Local media is all abuzz about a proposal to reconfigure Willamette from 24th to 32nd. Writing in the Nov. 3 Register-Guard, Jack Billings clearly identified cyclists as the driver of efforts to alter South Willamette — efforts that would remove one car lane and add two bike lanes. Quoting Billings, “The discussion [about Willamette] is only about bicycles. Were it not for the small but organized bike lobby, there would be no debate about reconfiguration.” Billings doesn’t know the half of it.
For decades cyclists have steered debates about road design toward a radical pro-bike agenda. In the early 1970s, RINO Republican Don “1 percent” Stathos pushed a bill that dedicated highway monies for bike lanes, stealing from diminutive State highway funds. Locally, the growing war chest and sense of entitlement provided traction for first female mayor Ruth Bascom, who pedaled her green bicycle agenda on an unsuspecting City Council pressured to approve more bike lanes and bike paths.
Over time city staff has conspired with bike advocates, relentlessly pursuing an aggressive campaign to provide bike access on nearly every road. Justified by so-called community crafted documents such as the Pedestrian and Bicycle Strategic Plan, Envision Eugene and the Regional Transportation Plan, these documents are nothing more than a thinly veiled attempt to make roads bike friendly.
Not only has the city marginalized motorists, they’re creating bike lane gaps that taunt cyclists. Nowhere else is this more evident than the six block section from Willamette between 23rd and 29th, the half mile of road under debate. The recent addition of bike lanes to 23rd and the earlier installation of bike lanes south of 29th, entice cyclists to “ride the gap” of missing bike lanes.
Gap riders must be stopped. With over 16,000 cars per day on Willamette, gap riders will slow speeding motorists and increase the danger of this section that sees twice the accidents similar roads. And how can any driver peruse storefront windows if they are preoccupied with gap riders?
With cyclists riding on sidewalks as is common now, and an influx of gap riders, it’s time that the City Council take immediate action and prohibit any bicycle riding, any time, on this section of Willamette.
A cycling ban on Willamette is not a hardship for cyclists given convenient access via back streets. Southbound riders can simply turn onto Portland Street, then continue south where they meet two flights of stairs that access the Woodfield Station parking lot. After some quick vertical biking down 25 steps, parents can pause to collect scattered children and diapers. Safe on the lot, they mount their bikes, swerve behind delivery trucks, and journey through a maze of cars. Here, inadvertent collisions provide motorists and cyclists an opportunity to meet, share insurance information, and the location of the hospital receiving their injured.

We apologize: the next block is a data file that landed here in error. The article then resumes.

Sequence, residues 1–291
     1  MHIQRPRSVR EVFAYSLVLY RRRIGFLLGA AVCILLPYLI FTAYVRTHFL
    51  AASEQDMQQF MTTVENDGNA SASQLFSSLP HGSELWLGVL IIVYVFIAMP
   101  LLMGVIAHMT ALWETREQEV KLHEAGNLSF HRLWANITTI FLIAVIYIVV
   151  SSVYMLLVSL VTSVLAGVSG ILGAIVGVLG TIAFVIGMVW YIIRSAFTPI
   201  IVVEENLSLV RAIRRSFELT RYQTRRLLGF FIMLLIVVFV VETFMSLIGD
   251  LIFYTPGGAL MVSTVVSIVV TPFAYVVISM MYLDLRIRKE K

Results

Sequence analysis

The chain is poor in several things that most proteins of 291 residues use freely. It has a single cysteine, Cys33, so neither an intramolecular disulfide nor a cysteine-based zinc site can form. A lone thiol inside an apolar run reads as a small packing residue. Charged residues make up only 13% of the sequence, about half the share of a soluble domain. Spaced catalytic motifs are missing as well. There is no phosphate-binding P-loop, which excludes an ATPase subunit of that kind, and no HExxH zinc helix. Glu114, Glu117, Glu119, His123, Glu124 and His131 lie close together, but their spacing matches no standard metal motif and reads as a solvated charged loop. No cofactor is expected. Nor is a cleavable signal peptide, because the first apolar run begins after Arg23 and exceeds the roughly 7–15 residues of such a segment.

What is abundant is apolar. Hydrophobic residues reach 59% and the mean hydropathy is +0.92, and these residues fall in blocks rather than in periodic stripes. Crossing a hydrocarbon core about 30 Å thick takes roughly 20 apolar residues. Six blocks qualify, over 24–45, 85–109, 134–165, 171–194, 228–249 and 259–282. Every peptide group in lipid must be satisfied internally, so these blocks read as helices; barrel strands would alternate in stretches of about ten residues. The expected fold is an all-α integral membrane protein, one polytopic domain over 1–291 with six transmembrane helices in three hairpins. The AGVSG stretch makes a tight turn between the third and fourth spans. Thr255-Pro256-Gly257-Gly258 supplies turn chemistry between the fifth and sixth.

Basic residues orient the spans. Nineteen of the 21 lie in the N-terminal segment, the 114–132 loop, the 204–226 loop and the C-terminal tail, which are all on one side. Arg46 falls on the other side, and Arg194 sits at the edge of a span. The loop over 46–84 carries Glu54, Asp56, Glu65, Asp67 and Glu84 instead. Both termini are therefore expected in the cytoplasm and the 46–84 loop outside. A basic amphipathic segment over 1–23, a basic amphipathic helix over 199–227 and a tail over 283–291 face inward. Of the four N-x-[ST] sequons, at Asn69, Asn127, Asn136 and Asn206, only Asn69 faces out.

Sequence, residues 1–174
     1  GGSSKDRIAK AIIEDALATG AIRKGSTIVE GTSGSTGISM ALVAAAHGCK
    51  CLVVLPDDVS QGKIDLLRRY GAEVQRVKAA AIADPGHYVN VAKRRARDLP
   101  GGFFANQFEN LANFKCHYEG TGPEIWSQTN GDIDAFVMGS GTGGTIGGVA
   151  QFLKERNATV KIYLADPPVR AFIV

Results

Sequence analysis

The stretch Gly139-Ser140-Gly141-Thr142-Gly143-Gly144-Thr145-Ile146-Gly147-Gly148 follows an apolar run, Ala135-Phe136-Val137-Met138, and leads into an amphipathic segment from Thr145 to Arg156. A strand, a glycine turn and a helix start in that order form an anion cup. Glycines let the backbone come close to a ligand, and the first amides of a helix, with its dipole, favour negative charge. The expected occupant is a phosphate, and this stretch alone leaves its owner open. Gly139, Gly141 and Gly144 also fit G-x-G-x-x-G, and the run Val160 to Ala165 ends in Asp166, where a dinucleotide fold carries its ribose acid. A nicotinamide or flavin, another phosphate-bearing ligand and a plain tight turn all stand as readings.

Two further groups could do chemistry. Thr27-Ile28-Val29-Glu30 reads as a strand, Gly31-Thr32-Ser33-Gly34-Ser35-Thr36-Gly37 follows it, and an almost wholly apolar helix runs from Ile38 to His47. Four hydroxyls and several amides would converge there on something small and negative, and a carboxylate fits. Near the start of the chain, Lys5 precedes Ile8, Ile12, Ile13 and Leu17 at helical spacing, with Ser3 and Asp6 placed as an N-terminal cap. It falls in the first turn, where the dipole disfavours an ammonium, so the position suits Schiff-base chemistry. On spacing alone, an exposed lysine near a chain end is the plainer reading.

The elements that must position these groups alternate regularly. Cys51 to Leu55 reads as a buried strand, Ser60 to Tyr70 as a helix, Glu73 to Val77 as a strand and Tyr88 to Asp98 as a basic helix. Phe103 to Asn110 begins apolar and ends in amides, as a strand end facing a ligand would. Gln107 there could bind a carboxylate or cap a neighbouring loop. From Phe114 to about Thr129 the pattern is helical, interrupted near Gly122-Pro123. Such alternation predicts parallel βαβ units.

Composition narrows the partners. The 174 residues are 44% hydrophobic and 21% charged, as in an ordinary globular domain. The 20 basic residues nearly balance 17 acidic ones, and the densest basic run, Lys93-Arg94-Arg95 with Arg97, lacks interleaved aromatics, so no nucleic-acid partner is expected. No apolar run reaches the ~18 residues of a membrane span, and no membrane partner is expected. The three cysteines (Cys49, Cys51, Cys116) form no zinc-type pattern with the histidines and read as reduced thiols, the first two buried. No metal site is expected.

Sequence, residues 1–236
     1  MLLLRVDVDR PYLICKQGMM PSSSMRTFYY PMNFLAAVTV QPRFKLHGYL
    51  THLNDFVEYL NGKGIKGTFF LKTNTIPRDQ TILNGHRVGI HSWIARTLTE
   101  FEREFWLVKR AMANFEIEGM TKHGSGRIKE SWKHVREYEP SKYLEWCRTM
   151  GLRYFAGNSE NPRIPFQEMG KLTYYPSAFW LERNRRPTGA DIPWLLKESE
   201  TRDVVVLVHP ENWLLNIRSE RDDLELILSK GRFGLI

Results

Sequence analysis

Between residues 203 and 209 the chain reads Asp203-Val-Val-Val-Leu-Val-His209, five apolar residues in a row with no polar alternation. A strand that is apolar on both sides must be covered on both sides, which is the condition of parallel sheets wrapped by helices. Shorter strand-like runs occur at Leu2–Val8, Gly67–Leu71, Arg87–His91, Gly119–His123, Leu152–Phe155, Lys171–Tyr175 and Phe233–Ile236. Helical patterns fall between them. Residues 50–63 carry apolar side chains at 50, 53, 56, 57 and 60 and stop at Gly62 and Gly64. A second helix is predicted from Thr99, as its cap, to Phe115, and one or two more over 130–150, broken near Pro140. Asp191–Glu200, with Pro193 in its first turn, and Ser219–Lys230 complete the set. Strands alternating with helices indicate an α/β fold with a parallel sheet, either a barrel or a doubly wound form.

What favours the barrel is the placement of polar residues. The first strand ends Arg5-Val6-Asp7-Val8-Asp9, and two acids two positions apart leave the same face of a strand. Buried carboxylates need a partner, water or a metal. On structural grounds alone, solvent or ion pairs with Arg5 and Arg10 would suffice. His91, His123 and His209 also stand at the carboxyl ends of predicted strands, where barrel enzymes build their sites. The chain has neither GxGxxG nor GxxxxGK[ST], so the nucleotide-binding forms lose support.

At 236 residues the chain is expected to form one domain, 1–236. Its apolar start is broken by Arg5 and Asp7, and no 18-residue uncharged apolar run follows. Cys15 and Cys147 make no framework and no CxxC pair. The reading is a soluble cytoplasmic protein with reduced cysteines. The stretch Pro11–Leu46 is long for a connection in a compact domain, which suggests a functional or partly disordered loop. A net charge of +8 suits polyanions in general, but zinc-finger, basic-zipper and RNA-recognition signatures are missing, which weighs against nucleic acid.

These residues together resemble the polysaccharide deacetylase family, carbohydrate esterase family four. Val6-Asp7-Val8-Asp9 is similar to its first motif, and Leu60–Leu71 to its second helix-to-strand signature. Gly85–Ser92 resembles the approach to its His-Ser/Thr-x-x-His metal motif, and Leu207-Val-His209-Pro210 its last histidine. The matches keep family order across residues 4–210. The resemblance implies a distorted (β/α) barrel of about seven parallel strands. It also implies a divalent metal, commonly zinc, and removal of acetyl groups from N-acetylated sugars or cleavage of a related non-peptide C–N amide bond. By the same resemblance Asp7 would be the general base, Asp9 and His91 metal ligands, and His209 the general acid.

Going north is even simpler. Just before 29th and Willamette, turn right into the Hawthorn apartments, slalom a couple of residents, then take a left, continuing north on Oak. Where Oak meets 29th, wait just a few or several minutes to cross this busy street, then dart across three lanes of traffic. Safely across 29th, zig-zag further on Oak, turning east on 27th. Arriving at Amazon Parkway, exiting motorists provide a refreshing swoosh of fresh air as they speed by. Nearly home free, bikers then take Amazon to 24th, negotiate the heavy traffic, then hop on the bike path. Even those who don’t bike can see cycling on side streets is a separate, but equal option, negating the need for bike lanes on Willamette.
No bikes, no bike lanes and no center turn lane is a win-win-win. No bikes mean no bike racks, freeing space for parking one customer where seven bikes parked before. Without bike lanes, buses blocking a full traffic lane give stopped motorists a chance to window shop, smell the diesel and finger wave to passersby. And without a center turn lane, motorists pressured to make a hurried left, arrive earlier at their destination — sometimes.
A decades-long cascade of events have conspired to create a false dilemma regarding Willamette. The choice is not between bikes in four lanes of car traffic or bikes in separate bike lanes. Instead, it’s whether people on bikes should be allowed on Willamette at all. Clearly people on bikes can, and should, travel somewhere else.
Let’s go back to a time 60 years ago, when gas was cheap, obesity was rare and bikes were for children. For safety’s sake, let’s ban bikes on Willamette. And let’s rethink pedestrians on this stretch. After all, hardly anyone walks there, and those planned 9-foot sidewalks could be two more travel lanes. With so much traffic, we could pave paradise and put up a parking lot.